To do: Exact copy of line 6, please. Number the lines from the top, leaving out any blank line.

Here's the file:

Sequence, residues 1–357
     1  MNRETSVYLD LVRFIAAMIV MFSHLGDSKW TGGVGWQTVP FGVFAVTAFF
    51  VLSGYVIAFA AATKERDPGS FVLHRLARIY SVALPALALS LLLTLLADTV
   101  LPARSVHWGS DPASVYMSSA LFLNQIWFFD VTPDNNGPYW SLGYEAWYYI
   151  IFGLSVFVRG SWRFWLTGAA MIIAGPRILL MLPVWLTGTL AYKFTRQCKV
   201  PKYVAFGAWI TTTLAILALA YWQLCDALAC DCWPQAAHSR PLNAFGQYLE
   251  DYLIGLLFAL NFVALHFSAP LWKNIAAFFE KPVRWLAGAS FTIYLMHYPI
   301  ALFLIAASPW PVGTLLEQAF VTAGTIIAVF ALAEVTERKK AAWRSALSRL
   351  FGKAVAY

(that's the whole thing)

   201  PKYVAFGAWI TTTLAILALA YWQLCDALAC DCWPQAAHSR PLNAFGQYLE